second Sake & Food Pairing at Tokyo Dining – Epcot International Food & Wine Festival 2014

This Epcot Food & Wine Festival dining experience took place on Thursday, October 16, 2014

This was our second visit to the Sake and Food Pairing at Tokyo Dining this year. We arrived early enough for Nick to get some photos of the set-up.

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Nick spoke with Garin, there are 32 guests pre-registered and 2 more walked up and asked to join in

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the tables at Tokyo Dining always look so elegant for this event

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Garin told Nick that the event is limited to 40 guests, they haven’t had a sell-out yet

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each place setting included sake set-up, sake description card, cocktail napkin, menu, cloth napkin, and chopsticks

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sakes for pairings and plum wine for dessert

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sparkling sake, sake 1, sake 2, sake 3, and plum wine

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the dining room for the Sake & Food Pairing

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sushi chefs (and one is male!)

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we will be tasting three sakes – gold flake, dry wave, and otter festival

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the menus always have a higher level of detail than the menus at the other food pairing lunches (so far)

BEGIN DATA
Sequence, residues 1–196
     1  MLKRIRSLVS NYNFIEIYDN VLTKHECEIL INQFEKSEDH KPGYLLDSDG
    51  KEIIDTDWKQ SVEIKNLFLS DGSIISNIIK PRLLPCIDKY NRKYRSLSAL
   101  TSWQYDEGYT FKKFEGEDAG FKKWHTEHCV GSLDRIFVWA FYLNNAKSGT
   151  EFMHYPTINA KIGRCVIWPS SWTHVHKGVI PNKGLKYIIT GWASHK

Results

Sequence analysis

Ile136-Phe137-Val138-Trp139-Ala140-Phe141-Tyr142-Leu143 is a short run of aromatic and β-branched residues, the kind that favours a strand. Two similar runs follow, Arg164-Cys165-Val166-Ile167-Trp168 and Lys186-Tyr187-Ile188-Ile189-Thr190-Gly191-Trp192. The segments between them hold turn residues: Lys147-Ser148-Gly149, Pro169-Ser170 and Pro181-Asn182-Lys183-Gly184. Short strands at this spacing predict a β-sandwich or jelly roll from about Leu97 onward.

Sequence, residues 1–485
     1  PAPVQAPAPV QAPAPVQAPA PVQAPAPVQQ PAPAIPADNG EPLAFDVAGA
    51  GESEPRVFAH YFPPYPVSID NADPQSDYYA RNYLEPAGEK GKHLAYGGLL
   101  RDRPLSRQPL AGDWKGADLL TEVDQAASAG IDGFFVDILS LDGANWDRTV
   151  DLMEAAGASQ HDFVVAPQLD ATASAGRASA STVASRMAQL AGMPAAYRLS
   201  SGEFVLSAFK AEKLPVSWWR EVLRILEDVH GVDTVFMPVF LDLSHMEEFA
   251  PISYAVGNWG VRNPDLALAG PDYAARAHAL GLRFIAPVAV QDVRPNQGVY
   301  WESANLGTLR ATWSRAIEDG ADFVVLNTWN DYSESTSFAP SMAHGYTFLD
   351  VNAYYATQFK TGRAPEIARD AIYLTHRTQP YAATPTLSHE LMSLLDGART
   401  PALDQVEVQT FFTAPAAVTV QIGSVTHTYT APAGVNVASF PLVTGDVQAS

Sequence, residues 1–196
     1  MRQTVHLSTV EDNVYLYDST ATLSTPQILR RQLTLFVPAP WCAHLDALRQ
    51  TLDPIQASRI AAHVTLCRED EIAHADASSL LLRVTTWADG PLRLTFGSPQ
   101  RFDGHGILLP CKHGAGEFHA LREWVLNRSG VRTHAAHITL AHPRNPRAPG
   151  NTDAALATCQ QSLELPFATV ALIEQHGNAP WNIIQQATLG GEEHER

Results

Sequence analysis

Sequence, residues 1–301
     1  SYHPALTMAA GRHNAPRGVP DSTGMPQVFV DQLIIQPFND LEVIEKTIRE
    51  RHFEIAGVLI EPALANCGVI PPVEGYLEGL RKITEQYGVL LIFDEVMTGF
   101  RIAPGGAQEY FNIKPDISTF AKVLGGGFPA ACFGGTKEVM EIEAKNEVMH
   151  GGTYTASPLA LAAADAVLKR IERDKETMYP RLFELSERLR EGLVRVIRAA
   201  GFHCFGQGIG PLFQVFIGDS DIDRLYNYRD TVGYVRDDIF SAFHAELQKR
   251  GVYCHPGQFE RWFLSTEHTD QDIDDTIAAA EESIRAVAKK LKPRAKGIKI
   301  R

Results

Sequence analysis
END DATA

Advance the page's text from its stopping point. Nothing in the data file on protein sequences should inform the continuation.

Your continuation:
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Garin and our service team (did you notice the rather small child? yes, really… bring your baby to a food and alcohol pairing, we really want to listen to them shriek with boredom!)

Our server was the tallest girl – Mami (prounced Mommie). She did a good job, but relatively speaking, the service this year overall wasn’t as good as in past years. There were a few times when we had to signal the servers with sake that our table wanted more.

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Garin is an excellent host

We don’t have photos of the aperitif – Peach Flower Sparkling Sake HANA FUGA (from Oseki Brewery). Again, Nick thought it was too sweet and I wasn’t massively impressed either. Our table mates proved to be delightful companions – they’re also Southerners AND originally from Alabama – ROLL TIDE! The wife really liked the sparkling sake and the husband was okay with it. This wasn’t their first Sake Lunch during Food & Wine, they typically attend this event and it was rather nice to share our table with someone who really likes this event too.

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Hiko’s Kira Kira “Gold Flake” – sake with 24K gold flakes in it

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drinking gold is said to bring you good fortune and money – we should drink this all the time!